Paul Bryant's Reviews > Going Postal: Rage, Murder, and Rebellion from Reagan's Workplaces to Clinton's Columbine and Beyond

Going Postal by Mark Ames
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's review
Feb 03, 2010

really liked it
bookshelves: true-crime, modern-life
Read from February 03 to March 01, 2010

Edited with a heavy heart, 16 December 2012


Mark Ames' argument : rage murders – workplace and school massacres – started in the 1980s and now there are a LOT of them. Americans blame this that and the other thing for all this hideous violence but they frantically avoid looking at the real culprit because to do so would mean they would have to face some harsh unacceptable political truths : it’s the conditions of life in workplaces and in schools, the toxic pressures of American middle-class life, which cause it all. In one word : Reagonomics. Or : rageonomics.

So this is an unabashedly leftist book which strongly reminds me of a title of an old union song – I wonder why it was never a big hit – “Can’t You See This System Is Rotten Through And Through?” Because Mark Ames does think that. Through and through.

Some characteristic quotes :

A person’s ability to adapt and grovel as much as required is almost the definition of normal. p41

We moderns are just as slavish and painfully docile as African slaves. p41

Kids are demonstrably more miserable today than they used to be. p226

Here’s Mark in an alliterative frenzy :

the normal and natural instinct is to resist reconsidering what one had once taken for granted as grossly unjust

As if you hadn’t guessed, Mark is saying that the socioeconomic pressures of unfettered capitalism make people miserable and then drive them mad. They encourage bullies and little Hitlers who get a free pass called “cost-cutting” and “efficiency savings”. But – here’s the thing – we do not acknowledge these modern psychological pressures because it’s all been normalised – everywhere is the same. Ain’t no more jobs for life. That’s gone like spats and galoshes, real gone. So MA makes this comparison – in slavery days many (at one time most) Americans didn’t appreciate that slavery was wrong or oppressive. No! They thought the slaves were better off in America than in Africa. So they were shocked – shocked and hurt! – when very occasionally a few pitiful slaves revolted. Ingrates! The Devil made them do it. They just didn’t know how good they had it, down on the plantation. Same thing now – office and factory workers and school students are the new slave class, and when some of these new slaves rebel, go crazy and shoot up the plantation we reel back and say – the devil made them do it, they’re evil, it was the parents’ fault, it was video games, it was drugs, the internet, breakup of the family, lack of religion, too much religion, blah blah, but we don’t say – yes, it was the oppression of being a slave and being treated with bullying contempt along with a maniacal work ethic and an obsession with success which made them do it.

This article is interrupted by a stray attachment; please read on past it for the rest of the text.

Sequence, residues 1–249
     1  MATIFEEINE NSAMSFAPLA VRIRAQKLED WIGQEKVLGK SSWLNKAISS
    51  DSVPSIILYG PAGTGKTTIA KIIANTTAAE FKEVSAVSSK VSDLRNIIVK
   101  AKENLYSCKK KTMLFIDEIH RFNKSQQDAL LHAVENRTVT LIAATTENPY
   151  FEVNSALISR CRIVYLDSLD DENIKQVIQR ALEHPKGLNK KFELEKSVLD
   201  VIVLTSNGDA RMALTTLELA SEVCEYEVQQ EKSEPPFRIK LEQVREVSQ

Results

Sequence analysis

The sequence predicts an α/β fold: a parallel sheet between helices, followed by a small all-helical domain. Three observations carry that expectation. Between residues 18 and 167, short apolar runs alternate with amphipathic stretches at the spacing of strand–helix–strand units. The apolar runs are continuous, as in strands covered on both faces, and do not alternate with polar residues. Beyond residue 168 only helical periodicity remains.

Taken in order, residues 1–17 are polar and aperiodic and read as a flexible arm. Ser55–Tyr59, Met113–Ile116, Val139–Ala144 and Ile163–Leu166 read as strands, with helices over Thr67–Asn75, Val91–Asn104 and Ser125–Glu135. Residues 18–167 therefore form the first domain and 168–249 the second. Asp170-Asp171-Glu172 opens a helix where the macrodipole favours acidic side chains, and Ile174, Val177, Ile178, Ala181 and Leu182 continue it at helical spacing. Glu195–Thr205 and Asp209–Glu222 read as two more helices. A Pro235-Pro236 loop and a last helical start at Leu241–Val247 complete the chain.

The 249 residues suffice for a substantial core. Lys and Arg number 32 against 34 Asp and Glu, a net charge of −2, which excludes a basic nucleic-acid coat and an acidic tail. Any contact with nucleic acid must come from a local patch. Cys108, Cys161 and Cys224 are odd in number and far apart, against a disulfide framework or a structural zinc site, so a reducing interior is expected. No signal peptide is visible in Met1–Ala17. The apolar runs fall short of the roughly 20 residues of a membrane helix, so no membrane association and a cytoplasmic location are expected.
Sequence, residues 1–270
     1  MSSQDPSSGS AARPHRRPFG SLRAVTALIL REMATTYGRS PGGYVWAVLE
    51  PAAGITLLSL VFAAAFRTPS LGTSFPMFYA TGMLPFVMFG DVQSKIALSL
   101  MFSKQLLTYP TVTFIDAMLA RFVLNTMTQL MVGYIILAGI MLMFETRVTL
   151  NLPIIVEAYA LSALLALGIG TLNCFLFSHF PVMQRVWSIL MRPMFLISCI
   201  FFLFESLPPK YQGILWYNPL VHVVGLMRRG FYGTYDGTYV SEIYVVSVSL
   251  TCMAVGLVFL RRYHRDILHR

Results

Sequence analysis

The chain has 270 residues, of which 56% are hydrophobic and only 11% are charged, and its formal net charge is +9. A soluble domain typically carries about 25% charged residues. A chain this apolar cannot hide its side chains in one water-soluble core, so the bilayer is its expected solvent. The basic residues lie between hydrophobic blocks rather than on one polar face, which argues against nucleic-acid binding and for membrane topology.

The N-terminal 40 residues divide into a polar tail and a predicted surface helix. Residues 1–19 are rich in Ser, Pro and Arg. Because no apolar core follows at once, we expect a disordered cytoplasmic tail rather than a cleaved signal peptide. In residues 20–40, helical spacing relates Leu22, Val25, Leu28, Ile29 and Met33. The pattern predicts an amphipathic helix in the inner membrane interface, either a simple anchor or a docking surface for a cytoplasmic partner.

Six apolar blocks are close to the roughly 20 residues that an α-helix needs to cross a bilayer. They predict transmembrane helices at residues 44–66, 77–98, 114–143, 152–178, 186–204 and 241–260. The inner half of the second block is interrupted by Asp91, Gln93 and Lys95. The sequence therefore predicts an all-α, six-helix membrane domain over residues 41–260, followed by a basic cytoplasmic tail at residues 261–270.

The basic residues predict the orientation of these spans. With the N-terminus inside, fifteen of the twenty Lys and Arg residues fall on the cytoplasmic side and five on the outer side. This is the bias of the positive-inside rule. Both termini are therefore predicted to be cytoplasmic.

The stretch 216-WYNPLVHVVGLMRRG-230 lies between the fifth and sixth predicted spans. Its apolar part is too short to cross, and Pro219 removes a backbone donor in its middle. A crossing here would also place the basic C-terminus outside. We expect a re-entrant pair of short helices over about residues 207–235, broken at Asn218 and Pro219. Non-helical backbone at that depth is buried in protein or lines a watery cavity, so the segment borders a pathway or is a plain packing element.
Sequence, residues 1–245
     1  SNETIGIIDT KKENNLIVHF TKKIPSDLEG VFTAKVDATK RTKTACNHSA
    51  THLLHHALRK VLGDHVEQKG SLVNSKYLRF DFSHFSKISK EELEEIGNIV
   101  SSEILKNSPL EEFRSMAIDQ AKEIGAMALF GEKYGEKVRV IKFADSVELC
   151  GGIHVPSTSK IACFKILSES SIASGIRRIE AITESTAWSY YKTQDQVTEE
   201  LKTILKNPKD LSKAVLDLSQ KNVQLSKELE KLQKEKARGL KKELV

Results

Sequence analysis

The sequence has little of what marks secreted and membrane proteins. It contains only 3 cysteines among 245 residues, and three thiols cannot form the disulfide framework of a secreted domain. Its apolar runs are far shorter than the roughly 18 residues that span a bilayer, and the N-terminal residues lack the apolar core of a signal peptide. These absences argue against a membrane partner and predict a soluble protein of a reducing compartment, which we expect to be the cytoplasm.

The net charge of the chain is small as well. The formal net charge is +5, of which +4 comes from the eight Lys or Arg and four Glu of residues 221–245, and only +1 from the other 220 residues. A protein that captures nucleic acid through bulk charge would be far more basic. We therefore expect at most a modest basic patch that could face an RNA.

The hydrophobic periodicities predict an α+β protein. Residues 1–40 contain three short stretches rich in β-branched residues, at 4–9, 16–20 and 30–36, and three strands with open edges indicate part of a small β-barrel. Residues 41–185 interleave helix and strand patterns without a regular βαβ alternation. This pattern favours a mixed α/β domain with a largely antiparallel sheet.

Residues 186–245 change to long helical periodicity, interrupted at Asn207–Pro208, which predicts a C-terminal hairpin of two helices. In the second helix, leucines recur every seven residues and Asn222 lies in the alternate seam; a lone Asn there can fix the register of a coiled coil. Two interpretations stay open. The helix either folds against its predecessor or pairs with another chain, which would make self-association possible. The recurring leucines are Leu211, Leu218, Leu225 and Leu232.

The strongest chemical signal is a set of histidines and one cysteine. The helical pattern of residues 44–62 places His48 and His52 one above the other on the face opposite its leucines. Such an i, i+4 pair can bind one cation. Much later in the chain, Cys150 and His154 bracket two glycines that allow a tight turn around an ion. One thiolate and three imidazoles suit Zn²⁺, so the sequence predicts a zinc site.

It isn’t the office or school shooter who need to be profiled – they can’t be. It’s the offices and schools.

Yes, now we see, this whole system is rotten through and through! We don’t ever say that out loud, so MA is spelling it out for us. It will not make him the most loved author.

I have been conditioned to believe that Americans always rise up against oppression and that the good side always wins. The reality is that the oppressed rarely rise up, they always lose (in this country anyway) and they always collaborate with the state against those rare rebels to make sure they remain oppressed.

Whew! Mark Ames’ predicted earnings as an after-dinner speaker in 2012: zero.

One very striking part of MA’s portrait of American corporate life as oppression is the stats he gives on American’s disappearing holidays. I myself get 36 days off per year and I work a 37 and a half hour week and this is fairly normal in England. Compare this :

our 14 day average is just half of the European workers’ vacation time. That’s if an American even gets paid vacation time : today 13% of companies don’t even offer it, up from 5% in 1998. But even this exaggerates Americans workers’ holiday time. many Americans are reluctant to take even those few days off that they’re allowed, fearful of falling behind or giving the wrong impression to their superiors…. According to a 2003 survey by Boston College, 26% of American workers took no vacation time at all in the previous year.

Wow. (Now compare with that : in China no-one takes any holidays at all except the super-rich.)

On overtime there’s another huge basket of stats, leading up to :

Americans work 350 hours more per year than their European counterparts.

There’s a vast irony going on here. All the new voices which began to be heard in the 60s and 70s – racial minorities, feminist women, gay people – located the source of their oppression in straight white male culture, the despised patriarchy. Now, it’s the straight white males who are shooting up offices and schools and Ames is telling us that yes, all these years they’ve been oppressing themselves too. Kind of funny when you think about it. Or not, of course.